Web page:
Tools of the Trade
In this age of readily available technology, most people automatically head straight for their computers when it's time to write. That's exactly what I did when I got my very first Apple desktop computer, an iMac with the transparent blue bullet-shaped back, a joint birthday gift from my husband, Brian, and sister, Toni. I thought I was the sizzle! I purchased a second-hand desk, placed it against the brick wall of our loft apartment, hung an African textile above the desk, added a potted cactus and a desk lamp, and I thought all I had to do was sit at that picture perfect set-up and magic would happen!
Quite the opposite proved to be true. I found the tapping sound of the keyboard a distraction which made me hyper- aware of what I was attempting to do, preventing me from detaching from the process and just getting down to writing. After several attempts, I resorted to pen and paper. If you decide to go this route, find a pen you like and make sure you keep an ample supply handy, and make sure you keep pads throughout your house and a small notebook that you can carry with you. The Notes app on iPhones are a good place to jot down ideas that pop into your head, but a small notebook is always a reliable backup in case your phone battery dies.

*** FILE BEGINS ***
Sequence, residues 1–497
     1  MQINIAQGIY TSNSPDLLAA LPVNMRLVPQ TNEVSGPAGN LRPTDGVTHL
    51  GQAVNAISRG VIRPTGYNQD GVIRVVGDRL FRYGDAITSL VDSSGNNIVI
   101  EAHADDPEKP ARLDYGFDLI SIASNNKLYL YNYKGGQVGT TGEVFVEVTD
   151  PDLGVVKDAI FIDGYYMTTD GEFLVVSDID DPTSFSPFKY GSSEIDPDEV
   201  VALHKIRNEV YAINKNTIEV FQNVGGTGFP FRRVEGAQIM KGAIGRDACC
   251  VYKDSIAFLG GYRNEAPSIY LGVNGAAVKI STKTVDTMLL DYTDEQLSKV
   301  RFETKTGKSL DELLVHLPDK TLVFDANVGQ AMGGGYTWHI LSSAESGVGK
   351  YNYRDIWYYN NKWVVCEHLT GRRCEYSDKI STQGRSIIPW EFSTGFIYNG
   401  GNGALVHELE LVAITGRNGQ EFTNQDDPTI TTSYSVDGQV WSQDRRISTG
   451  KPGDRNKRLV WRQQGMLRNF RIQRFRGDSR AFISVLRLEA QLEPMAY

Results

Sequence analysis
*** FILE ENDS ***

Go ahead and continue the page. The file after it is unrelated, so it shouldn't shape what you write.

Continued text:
Another advantage of pen and paper is that they are plentiful, portable, and there's never a lag in time while you wait for your computer to bootup or your phone to find a hot spot. Ideas and insights tend to strike at the strangest times - getting up from bed to pee, for example, or while nursing your child or riding the train in to work. Bottom line, you want to be prepared. One major drawback of the pen and paper route is that you will have to transcribe your hand-written notes to typed notes, which essentially equates to more time. But the extra time you put in to transcribing your work may prove worthwhile if writing by hand enables you to be more present and, subsequently, more productive while you are writing.
Take some time in these first couple of weeks to try various writing tools until you hit upon what feels right for you, and then go with it.
Next: Writing Spaces